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Discussion Starter · #1 ·
I also collect interesting patches but am stumped on this " Rod and Gun Club " patch

I was wondering if anyone had a clue about the club it represented. Or is it a fantasy patch?

The "dot" on the map of Africa on the patch looks like it is Libya, maybe Tripoli more precisely.
In reading the style of the patch, it appears to be of an older construction, maybe 50's or 60's as there is a felt/wool base with gauze on the back.

So was there really an english speaking group of folks that had a " Rod and Gun Club " in that part of the world?

Thanks for your comments!

Kim

Logo World Emblem Badge Circle Circle Stitch Needlework Embroidery World
 

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Discussion Starter · #4 ·
Yes, thanks 'dogface'!
With a patch you get a little bit of history to go along with it!

I see that the U.S. gave that facility back to the Libyians after Gaddafi overthrew the king and came to power.

So the patch probably dates to the 60's or possibly a little bit earlier.

Kim
 

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Kim - Here a couple of photos of other rod & gun club patches. The green one is from Karamursel Air Station in Turkey. When I was serving in the Marines I was stationed at Karamursel in the early 1960's. While I was there, I bought several guns though the post exchange which I brought home with me in 1965. Karamursel is about 60 miles from Istanbul and we operated a radio station there. The fishing and hunting was pretty good in the mountains south of the base.
The other one is from the New River Marine Corps Air Facility in North Carolina. I was stationed near there at Camp Lejeune in 1965-66 and did a lot of fishing in the ocean and the rivers.
- - - - - Buckspen
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Discussion Starter · #6 ·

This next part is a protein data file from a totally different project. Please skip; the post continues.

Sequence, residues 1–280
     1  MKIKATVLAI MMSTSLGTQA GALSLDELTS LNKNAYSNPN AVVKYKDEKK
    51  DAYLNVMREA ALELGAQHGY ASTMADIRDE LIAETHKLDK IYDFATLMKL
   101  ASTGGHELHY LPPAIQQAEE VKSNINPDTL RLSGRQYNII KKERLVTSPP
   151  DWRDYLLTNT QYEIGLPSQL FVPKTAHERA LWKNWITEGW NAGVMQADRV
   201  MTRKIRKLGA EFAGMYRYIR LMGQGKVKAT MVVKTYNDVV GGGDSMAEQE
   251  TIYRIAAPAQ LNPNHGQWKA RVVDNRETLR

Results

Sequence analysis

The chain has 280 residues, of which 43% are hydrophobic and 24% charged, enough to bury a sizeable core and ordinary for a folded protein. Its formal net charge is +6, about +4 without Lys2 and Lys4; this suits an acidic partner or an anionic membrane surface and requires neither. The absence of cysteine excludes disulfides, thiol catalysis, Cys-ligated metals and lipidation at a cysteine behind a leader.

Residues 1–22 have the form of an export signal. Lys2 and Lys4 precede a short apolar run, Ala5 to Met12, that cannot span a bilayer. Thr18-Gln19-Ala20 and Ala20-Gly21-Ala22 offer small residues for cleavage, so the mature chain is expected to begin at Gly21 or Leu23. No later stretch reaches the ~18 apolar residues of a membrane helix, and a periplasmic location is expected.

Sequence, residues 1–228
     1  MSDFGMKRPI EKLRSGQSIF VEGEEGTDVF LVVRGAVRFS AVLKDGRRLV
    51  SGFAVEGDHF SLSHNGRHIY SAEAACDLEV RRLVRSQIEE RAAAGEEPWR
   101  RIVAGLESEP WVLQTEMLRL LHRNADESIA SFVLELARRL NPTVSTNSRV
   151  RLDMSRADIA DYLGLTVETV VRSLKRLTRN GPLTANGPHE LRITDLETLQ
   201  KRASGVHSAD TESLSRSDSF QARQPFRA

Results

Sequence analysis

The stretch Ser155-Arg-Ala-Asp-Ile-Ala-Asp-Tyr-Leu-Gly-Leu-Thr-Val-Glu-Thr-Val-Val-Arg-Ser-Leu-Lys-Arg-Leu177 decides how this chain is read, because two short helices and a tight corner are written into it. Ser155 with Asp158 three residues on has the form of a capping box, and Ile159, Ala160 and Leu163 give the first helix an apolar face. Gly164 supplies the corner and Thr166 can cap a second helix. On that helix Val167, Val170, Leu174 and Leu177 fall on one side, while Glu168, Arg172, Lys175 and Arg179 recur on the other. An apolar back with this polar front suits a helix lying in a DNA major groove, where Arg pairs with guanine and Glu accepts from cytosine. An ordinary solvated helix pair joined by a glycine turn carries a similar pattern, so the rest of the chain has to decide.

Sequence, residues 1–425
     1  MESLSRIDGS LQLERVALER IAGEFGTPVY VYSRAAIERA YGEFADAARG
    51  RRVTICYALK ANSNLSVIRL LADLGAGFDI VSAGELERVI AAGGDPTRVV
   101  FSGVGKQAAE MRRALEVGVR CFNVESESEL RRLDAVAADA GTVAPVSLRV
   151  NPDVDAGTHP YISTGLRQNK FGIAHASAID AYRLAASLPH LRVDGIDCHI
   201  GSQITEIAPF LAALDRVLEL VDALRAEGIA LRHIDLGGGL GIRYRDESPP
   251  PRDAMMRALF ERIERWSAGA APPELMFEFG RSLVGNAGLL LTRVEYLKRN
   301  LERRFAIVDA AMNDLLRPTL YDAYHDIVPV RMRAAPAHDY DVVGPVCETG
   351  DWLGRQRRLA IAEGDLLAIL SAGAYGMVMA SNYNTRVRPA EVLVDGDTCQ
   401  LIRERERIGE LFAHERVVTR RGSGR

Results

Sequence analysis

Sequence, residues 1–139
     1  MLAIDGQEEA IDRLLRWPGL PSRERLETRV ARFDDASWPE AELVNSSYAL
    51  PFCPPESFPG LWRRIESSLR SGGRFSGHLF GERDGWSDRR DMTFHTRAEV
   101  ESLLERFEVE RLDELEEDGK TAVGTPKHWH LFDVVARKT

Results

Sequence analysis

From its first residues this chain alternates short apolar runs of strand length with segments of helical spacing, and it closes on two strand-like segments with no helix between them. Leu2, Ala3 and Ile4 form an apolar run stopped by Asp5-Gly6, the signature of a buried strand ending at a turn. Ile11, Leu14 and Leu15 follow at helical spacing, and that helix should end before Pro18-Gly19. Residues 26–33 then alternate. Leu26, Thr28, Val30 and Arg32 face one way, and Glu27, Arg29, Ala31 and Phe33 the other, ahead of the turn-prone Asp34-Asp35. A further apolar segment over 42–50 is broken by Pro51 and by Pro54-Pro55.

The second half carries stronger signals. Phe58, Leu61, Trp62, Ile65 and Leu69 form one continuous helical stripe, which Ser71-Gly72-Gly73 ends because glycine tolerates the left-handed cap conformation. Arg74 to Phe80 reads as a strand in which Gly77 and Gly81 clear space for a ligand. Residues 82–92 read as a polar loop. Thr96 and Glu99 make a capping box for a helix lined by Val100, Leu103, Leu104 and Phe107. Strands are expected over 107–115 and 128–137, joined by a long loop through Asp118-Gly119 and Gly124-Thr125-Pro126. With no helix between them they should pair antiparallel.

Very neat patches Buckspen.
A little bit of history comes with each one and everyone of these patches is unique to the location.
I'm looking for a Patch Barracks rod and gun club patch. I was stationed at Panzer Kaserne just down the road and Patch Barracks is where I purchased several firearms while I was in Germany.
Five years later with a child on the way, I had to sell them off!
Kim
 

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I have a few that only half qualify, gun but not rod &. I never sewed them on, just bought them to support the cause. The Long Island ones date from early '70s, others '80s. Is there a collector for these or a website?

 

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Pretty much every Fort or Base had their own Rod and Gun Club - and they all had patches.

At least, they did until it became no longer popular, and they started closing the golf courses and amalgamating the various Clubs and minimizing the shooting sports, entirely.

At one time, you could always find the Old Man and the Top or the CSM out at the Trap Range on a weekend - just like you saw John Wayne doing in 'The Green Berets'.

Today, those activities are suspect - and this from Combat Arms guys...

It was a great time to serve, though - no political correctness, no 'real' chickenshit - everybody had a focus, and knew what they were about.

Today - not so much, as too many became 'self-polishing apples' and would game the system in order to advance.

But I digress...

The old Rod and Gun Clubs were where you could order all manner of guns and fishing 'stuff' and get a bargain in the process, they were a perk of military service that civilians didn't enjoy, and a lot of 'business' and mentoring could be discussed at the Club or Range or on the links that wasn't 'official' - and there was great value in that.
 

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Pretty much every Fort or Base had their own Rod and Gun Club - and they all had patches.